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On today’s edition of Coffee and Markets, Brad Jackson and Ben Domenech are joined by Francis Cianfrocca to talk about the latest consumer spending and savings numbers that came out this morning. Then Congressman Sean Duffy discusses debt ceiling negotiations, Democrat calls for tax hikes, and Obama’s overreach on Libya.
We’re brought to you as always by BigGovernment and Stephen Clouse and Associates. If you’d like to email us, you can do so at coffee[at]newledger.com. We hope you enjoy the show.
Consumers Pulling Back on Spending as Inflation Builds
Obama Tries to Salvage Debt Talks as Party Leaders Bicker Over Meaning of ‘Tax Hike’
Debt Ceiling Negotiations Break Down Over Taxes
Medicare dominates Duffy’s town hall chat
Lawmakers send Obama message of discontent on Libya
Congressman Sean Duffy
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Jackson: On the show today Francis is here to talk about the latest consumer spending and savings numbers that came out this morning, then Ben and I talk to Congressman Sean Duffy about debt ceiling negotiations, Democratic calls for tax hikes, Obama’s overreach on Libya, and more. I’m your host Brad Jackson and you’re listening to the June 27, 2011 edition of Coffee and Markets.
So Francis, this morning the consumer spending numbers came out. What’s your thought on the results?
Cianfrocca: The numbers that came out from the Commerce Department show that consumers moderated their spending behavior in the month of May, and that means flat. Not increase. No increase in consumer spending measureable, or little change and —
Jackson: And that was after 10 strong months of gains.
Cianfrocca: Well, yes. But the April gain was revised downward, so the overall picture to the consumers —
Jackson: Right. Right. Right.
Cianfrocca: — in the first half are stepping back their spending, and that is a very strong leading indicator of economic weakness ahead, because of course the consumer is three-fourths of the economy.
Jackson: Do you think this portends some bad, some more bad economic news in the coming weeks?
Cianfrocca: Well, I think that the, if anything it’s a data point that is part of the pattern. We’ve been seeing for, I would say, you know, I first started telling people privately in early March that the expectations for strong growth and strong recovery that everyone had in January and February were unlikely to pan out. And I think that that expectation is very well setting in now. And in fact, it may even be overdone a little bit. And we may be, the Stock Market is responding to, readily and strongly to an expectation of weaker growth ahead and the capital markets are doing the same. We’re seeing some very, very, this morning the 30 year bond is down, a higher interest rate, and the 10 year is flat. But the 10 year are 286, yielding 2.86%. Very, very low. And I think that that is very much an indicator that expectations are for weakness ahead.
Look I want to mention another data point in the Commerce Department report this morning, which is the savings rate, which ticked up between April and May to 5% from 4.9%. And I think it’s important to be mindful of the savings rate because that is an important key to consumer behavior. Now, some of the news reporting about this decline in relative terms or lack of strength in consumer spending blames high prices for commodities, like the price of gasoline, the price of food. And you’re always, when you’re writing a newspaper for the, you know, the journalists, they always have to have a story. They always have to have a ready pad explanation for everything. You know, journalism, short form journalism that, you know, is most of what we consume, doesn’t deal with large story lines very well, which is why our listeners need Coffee and Markets.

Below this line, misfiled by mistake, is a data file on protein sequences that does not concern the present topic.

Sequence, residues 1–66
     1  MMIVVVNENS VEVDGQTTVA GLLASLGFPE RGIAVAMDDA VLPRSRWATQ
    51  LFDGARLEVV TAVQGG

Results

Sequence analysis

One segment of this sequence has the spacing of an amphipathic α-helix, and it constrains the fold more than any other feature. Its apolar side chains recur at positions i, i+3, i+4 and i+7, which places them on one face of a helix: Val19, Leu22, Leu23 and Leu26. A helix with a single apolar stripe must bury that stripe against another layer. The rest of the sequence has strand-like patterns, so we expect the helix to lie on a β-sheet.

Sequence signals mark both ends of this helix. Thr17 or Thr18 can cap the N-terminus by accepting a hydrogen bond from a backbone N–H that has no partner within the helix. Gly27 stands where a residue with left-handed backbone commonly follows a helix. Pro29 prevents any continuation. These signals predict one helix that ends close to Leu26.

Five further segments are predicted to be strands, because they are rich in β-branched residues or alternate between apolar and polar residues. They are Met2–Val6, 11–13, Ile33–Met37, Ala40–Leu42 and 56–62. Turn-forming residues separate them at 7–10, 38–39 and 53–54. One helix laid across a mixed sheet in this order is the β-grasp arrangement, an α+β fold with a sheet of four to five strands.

I think that the overall theme, which we’ve identified several times here, is intact, which is a need that consumers feel to improve their personal balance sheets. They need to feel like, in the face of the decline of their housing values and the stock market portfolios over the last two or three years, they appear to be responding as if they need to increase their ability to withstand future economic shocks, or losing your job, or just general economic weakness, or inflation. And when you save more you can consume less in the current period, that’s the definition of it. I mean, that’s what saving is all about.
Jackson: Now, we’re almost at the end of the month which means in early July we’ll be getting the unemployment numbers for June.
Jackson: Do you think this gives you any sort of peak into the crystal ball on what those might look like?
Cianfrocca: It’s a very big number coming up, and I was just thinking, I don’t know the answer. If it’s going to come out on Friday, which is July the 1ast.
Jackson: Yeah. I would imagine not. Is the market, I think it’s closed that day, isn’t it?
Cianfrocca: But the Monday is a holiday so, you know, we don’t know. It usually comes out on the first Friday of the month so we’ll either get it this coming Friday or we’ll get it early next week after the holiday. But it’s a big number this time because May was so bad. May was an evil number, far lower than expectations and the big question everyone is, was May a noise number or was it full of special considerations, special effects, weather effects, whatever it is. Or is it part of, is the trend changing and shifting downward. So, there’s going to be a lot of attention paid to that number.
Jackson: Congressman Duffy, thanks so much for taking the time to join us today. It’s great to have you here.
Duffy: Thank you guys for having me on. I appreciate it.
Jackson: Sure. The talk in town, in D.C. of course, is all about the debt situation. What are your thoughts on how this is going to play out in the next few weeks?
Duffy: Well, I mean from all eyes been observing. And with a meeting with the President a couple weeks ago, our conversations with Secretary Geithner, I get the, I don’t think the President is going to behave in a way that’s going to match his rhetoric. He keeps talking about wanting to work with us to reduce the size of Government, to reduce spending, but it’s apparent from the negotiations that he’s not really there. He doesn’t really want to scale back. And so you’ve seen these conversations break down with Vice President Biden.